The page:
The genetics of Non-Alcoholic Fatty Liver Disease: Spotlight on PNPLA3 & TM6SF2 The genetics of Non-Alcoholic Fatty Liver Disease: Spotlight on PNPLA3 & TM6SF2

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Date added: 05/22/2016
Date modified: 05/22/2016
Filesize: 256 Bytes
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Non-alcoholic fatty liver disease (NAFLD) encompasses a spectrum that spans simple steatosis, through non-alcoholic steatohepatitis (NASH) to fibrosis and ultimately cirrhosis. Non-alcoholic fatty liver disease is characterized by substantial inter-patient variation in rate of progression and disease outcome: Although up to 25% of the general population are at risk of progressive disease, only a minority experience associated liver-related morbidity. Non-alcoholic fatty liver disease is considered a complex disease trait that occurs when environmental exposures act upon a susceptible polygenic background composed of multiple independent modifiers. Recent advances include the identification of PNPLA3 as a modifier of disease outcome across the full spectrum of NAFLD from steatosis to advanced fibrosis and hepatocellular carcinoma; and the discovery of TM6SF2 as a potential “master regulator” of metabolic syndrome outcome, determining not only risk of advanced liver disease, but also cardiovascular disease outcomes. In this article, the authors will review the field, discussing in detail the current status of research into these important genetic modifiers of NAFLD progression.

Genetics of alcoholic liver disease Genetics of alcoholic liver disease

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Date added: 05/22/2016
Date modified: 05/22/2016
Filesize: 256 Bytes
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Excess alcohol consumption with consequent alcoholic liver disease (ALD) is a common cause of liver dysfunction and liver-related mortality worldwide. However, although the majority of heavy drinkers will develop steatosis, only a minority progress to advanced liver disease and cirrhosis. Thus, ALD is a complex disease where subtle inter-patient genetic variations and environmental factors interact to determine disease progression. One genome-wide association study specifically addressing genetic modifiers of ALD has been published. However, most of our understanding is based on studies conducted on nonalcoholic fatty liver disease. Translation of candidates from these studies into ALD has established a role for variants in genes including PNPLA3 and potentially TM6SF2 across the disease spectrum from steatosis, through cirrhosis to hepatocellular carcinoma. Here the authors review the current status of the field with a particular focus on recent advances.

Plasma DNA methylation: A potential biomarker for stratification of liver fibrosis in NAFLD Plasma DNA methylation: A potential biomarker for stratification of liver fibrosis in NAFLD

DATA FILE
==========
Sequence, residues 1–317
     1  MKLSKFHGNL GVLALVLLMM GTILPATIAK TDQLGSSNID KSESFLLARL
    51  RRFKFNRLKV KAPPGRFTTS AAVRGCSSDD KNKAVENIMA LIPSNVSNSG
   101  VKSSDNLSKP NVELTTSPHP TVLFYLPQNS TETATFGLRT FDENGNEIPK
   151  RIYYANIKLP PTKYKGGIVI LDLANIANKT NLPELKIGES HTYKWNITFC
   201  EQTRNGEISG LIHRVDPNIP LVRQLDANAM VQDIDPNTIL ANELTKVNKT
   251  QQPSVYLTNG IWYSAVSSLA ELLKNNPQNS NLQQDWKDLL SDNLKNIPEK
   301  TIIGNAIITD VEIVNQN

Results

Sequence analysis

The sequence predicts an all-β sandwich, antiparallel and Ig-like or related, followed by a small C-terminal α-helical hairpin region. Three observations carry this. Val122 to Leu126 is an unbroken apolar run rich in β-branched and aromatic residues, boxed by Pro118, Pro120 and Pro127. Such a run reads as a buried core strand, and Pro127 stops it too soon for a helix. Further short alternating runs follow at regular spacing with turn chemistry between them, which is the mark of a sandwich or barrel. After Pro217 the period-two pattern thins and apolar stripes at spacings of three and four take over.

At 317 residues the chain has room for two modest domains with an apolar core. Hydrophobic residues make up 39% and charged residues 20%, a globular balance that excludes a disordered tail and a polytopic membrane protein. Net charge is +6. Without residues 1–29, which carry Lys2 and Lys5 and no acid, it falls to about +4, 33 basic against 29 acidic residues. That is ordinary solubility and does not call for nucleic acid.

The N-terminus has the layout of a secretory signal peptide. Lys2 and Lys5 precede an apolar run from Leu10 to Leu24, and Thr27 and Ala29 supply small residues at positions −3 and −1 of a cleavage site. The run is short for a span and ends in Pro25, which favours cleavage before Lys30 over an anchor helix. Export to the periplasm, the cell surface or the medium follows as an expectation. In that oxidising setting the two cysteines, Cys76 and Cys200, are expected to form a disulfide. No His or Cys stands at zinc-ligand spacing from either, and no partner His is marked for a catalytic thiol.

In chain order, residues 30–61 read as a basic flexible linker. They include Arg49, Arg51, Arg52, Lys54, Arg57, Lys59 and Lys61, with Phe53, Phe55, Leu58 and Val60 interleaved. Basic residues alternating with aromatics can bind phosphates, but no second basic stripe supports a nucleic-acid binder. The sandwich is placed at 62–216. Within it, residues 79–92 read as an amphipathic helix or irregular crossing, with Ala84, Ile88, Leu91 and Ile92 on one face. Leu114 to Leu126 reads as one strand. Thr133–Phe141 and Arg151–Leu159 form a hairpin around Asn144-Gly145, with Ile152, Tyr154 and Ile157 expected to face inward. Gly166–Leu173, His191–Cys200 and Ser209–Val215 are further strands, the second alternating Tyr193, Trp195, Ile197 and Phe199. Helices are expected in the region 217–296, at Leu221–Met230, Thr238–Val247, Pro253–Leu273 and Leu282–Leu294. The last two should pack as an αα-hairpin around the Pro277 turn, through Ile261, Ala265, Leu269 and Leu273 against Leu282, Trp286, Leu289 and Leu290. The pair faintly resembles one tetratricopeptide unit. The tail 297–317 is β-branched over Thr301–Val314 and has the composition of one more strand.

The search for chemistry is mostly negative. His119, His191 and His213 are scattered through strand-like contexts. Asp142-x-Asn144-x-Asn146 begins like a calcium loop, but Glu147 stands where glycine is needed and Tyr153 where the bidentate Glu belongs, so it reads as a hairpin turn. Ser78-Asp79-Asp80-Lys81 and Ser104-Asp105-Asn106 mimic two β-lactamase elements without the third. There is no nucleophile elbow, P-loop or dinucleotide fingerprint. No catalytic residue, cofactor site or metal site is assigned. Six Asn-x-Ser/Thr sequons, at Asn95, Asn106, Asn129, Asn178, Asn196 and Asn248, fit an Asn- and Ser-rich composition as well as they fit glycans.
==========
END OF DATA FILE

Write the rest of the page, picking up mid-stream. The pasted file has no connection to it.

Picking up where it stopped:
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Date added: 05/22/2016
Date modified: 09/27/2016
Filesize: 2.77 MB
Downloads: 530

Liver biopsy is currently the most reliable way of evaluating liver fibrosis in patients with non-alcoholic fatty liver disease (NAFLD). Its inherent risks limit its widespread use. Differential liver DNA methylation of peroxisome proliferator-activated receptor gamma (PPARγ) gene promoter has recently been shown to stratify patients in terms of fibrosis severity but requires access to liver tissue. The aim of this study was to assess whether DNA methylation of circulating DNA could be detected in human plasma and potentially used to stratify liver fibrosis severity in patients with NAFLD.

Non-alcoholic Fatty Liver Disease: Pathogenesis and Disease Spectrum Non-alcoholic Fatty Liver Disease: Pathogenesis and Disease Spectrum

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Date added: 05/22/2016
Date modified: 05/22/2016
Filesize: 256 Bytes
Downloads: 875

Non-alcoholic fatty liver disease (NAFLD) is the most common cause of liver dysfunction in the Western world and is increasing owing to its close association with obesity and insulin resistance. NAFLD represents a spectrum of liver disease that, in a minority of patients, can lead to progressive nonalcoholic steatohepatitis (NASH), fibrosis, and ultimately hepatocellular carcinoma and liver failure. NAFLD is a complex trait resulting from the interaction between environmental exposure and a susceptible polygenic background and comprising multiple independent modifiers of risk, such as the microbiome. The molecular mechanisms that combine to define the transition to NASH and progressive disease are complex, and consequently, no pharmacological therapy currently exists to treat NASH. A better understanding of the pathogenesis of NAFLD is critical if new treatments are to be discovered.